Making their UK debut appearance was the Spanish helicopter display team Patrulla Aspa. Equipped with five Eurocopter EC-120 ‘Hummingbird’ aircraft in a distinctive scheme they showed some very well executed precision flying, especially the four ship pirouette and 2v1 line abreast move. However, whilst the first section of the display is full of action it is let down by the final sequence of two breaks that seem to take an eternity for the team to reform and return to the crowd. This wasn’t’ helped by the commentator who spoke infrequently and left everyone wondering what was happening – something that the airshow commentary team noticeably picked up on themselves prompting them to help fill gaps in the Sunday display.

Fast becoming one of the most loved displays on the UK circuit, the Midair Squadron put on two very different displays over the weekend. The Saturday saw a solo display from their Canberra PR9 (XH134/G-OMHD) however it was the Sunday display where is was joined by their Hunter T7 (XL577/G-BXKF) that most impressed. With the sun making an appearance to glisten off the silver paint schemes the pair performed a number of close formation passes before splitting into their own routines that were just as impressive. Reference was made during the commentary to the ‘generic’ silver scheme applied to the aircraft as a possible blank canvas for sponsorship which, if it were to happen, would be a real shame to spoil their sleek looks.

Returning to the show after a brilliant display in 2012 was the Swiss Air Force F/A-18C Hornet (J-5005) operated by Fliegerstaffel 17 at Payerne and flown for this year by Capt “Teddy” Meister. Overcoming illness in the week leading up to the show it was great to see a Hornet display back at Waddington with square loops a plenty and some impressive, and almost gravity defying, spins demonstrating the sheer power available.

In recent years, the F-16 display of Solo Turk (91-0011) has become a real favourite of many and, unlike many previous years, as the sole display of the type of the show it had a lot to live up to. Flown by Captain Yusuf Kurt it was once again a stand out act of the show with all the speed, power and high G manoeuvres that have become expected from one of the best F-16 displays on the circuit. Special note should also be given to the commentator for the display who was full of enthusiasm during the routine.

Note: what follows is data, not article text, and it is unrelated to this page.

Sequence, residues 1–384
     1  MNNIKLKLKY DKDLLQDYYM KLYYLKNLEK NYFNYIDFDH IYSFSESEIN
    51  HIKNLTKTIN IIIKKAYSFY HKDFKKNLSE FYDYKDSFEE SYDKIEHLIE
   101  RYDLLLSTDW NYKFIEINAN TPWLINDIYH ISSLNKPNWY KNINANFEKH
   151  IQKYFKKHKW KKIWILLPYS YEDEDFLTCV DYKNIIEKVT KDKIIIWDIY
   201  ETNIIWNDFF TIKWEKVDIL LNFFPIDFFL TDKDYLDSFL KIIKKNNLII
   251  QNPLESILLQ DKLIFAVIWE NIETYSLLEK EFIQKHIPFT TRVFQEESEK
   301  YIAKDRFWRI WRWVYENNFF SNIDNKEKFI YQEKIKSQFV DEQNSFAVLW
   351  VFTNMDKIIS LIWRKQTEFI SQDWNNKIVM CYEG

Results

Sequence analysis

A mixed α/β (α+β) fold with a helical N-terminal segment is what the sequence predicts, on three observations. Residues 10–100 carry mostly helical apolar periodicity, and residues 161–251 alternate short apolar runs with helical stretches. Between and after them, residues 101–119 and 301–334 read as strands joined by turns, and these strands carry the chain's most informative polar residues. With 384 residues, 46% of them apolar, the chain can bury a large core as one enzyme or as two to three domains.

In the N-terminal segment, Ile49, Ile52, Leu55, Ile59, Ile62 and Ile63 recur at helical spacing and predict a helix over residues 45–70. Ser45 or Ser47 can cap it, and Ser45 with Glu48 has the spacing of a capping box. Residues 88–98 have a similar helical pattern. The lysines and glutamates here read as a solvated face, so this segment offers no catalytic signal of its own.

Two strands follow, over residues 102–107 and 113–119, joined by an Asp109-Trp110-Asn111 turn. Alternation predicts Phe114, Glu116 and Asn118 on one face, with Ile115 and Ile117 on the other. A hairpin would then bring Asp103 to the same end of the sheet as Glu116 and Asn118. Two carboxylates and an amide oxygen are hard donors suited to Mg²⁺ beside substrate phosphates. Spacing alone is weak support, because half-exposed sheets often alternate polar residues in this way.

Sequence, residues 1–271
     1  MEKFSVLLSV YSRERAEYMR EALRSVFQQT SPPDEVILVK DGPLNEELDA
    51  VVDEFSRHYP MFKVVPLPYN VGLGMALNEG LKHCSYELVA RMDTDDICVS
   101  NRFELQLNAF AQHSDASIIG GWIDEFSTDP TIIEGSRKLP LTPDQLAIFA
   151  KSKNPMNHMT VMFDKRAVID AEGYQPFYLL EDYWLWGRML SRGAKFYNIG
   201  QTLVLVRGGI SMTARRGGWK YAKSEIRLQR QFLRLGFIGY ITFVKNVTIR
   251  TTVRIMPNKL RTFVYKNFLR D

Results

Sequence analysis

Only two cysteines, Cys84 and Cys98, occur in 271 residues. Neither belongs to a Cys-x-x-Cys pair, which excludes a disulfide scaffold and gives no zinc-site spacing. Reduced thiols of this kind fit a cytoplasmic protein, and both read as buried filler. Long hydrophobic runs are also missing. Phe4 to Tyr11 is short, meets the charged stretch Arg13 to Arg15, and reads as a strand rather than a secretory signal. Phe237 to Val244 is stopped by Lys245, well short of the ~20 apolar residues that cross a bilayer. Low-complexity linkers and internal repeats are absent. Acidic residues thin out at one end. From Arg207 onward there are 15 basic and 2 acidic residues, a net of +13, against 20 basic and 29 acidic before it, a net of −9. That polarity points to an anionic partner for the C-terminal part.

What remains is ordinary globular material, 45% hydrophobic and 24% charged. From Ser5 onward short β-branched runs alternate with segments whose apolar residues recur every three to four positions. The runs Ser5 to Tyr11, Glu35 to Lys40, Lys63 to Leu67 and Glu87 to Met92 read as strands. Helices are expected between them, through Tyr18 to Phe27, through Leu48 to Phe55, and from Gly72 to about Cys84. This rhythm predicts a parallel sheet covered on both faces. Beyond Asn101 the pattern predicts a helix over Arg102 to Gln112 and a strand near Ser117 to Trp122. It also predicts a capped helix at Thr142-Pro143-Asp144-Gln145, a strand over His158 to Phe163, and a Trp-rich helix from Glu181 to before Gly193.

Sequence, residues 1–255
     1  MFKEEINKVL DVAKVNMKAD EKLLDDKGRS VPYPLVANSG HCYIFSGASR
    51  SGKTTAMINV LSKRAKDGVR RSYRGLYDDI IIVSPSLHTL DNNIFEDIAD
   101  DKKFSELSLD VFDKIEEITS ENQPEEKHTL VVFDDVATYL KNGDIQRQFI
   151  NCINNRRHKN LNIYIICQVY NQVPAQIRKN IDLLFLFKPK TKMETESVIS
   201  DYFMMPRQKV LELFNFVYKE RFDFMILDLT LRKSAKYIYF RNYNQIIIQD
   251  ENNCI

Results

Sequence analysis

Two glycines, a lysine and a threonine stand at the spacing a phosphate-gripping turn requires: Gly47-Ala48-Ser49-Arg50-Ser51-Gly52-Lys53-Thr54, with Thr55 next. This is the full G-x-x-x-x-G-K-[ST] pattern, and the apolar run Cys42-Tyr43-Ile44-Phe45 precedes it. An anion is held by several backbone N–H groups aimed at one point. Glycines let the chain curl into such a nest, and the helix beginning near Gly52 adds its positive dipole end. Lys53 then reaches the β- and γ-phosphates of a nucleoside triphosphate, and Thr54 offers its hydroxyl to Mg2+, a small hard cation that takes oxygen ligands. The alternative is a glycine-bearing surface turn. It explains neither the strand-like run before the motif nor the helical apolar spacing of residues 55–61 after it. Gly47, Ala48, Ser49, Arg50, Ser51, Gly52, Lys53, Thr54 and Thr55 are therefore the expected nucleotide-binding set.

The star of the show for many will have been the return of the Swedish Air Force Historic Flight. After securing amazing support from them in 2013, their return to this years show was welcomed by all especially due to the aircraft selection that was brought to display. Once again the SAAB AJS37 Viggen (SE-DXN) was present and displayed by Stellan Andersson who even demonstrated its unique ability to taxi backwards using reverse thrust by completing a full reverse 360 on the runway after landing on the Sunday. However, it was its SAAB stablemate, the SK35C Draken (SE-DXP) that stole the show. Returning to the air earlier this year the display was simply sublime with flames spitting from the rear during afterburner engagement and plenty of fast passes and tight turns. Yet one more display to add to the long list of Waddington UK firsts.

Unfortunately the Sunday display programme didn’t run quite to plan with a fairly hefty delay by lunchtime leading to the cancellation of the Air Ambulance and RAF Tutor displays in an attempt to get back on track. This delay, whilst always likely to happen with such tight timings between moves, led to what seemed like a very fragmented running order that lost its natural flow at numerous points. On top of this, the announcement on the Thursday before to the show that, just 48 hours prior to the event, that no tickets would be available on the gate caused issues for many especially those who had planned to travel great distances to attend and had no way of obtaining tickets through the advertised local sales points. Quite why the decision was taken so late in the day is difficult to understand especially with the sites official website offline at that point and online ticket sales already closed.

Despite these issues, and the ever decreasing volume of static aircraft, the Waddington 2014 airshow was a great weekend with some real star items attending that many other shows are surely jealous of. With the announcement that due to scheduled runway works the 2015 show will not be going ahead, there has not as yet been any firm decision on its return in 2016. With constant focus on expenditure it’s easy to be pessimistic about the future but one thing is for certain – the loss of Waddington International Airshow would be a major loss to the UK airshow scene for both general public and enthusiast alike.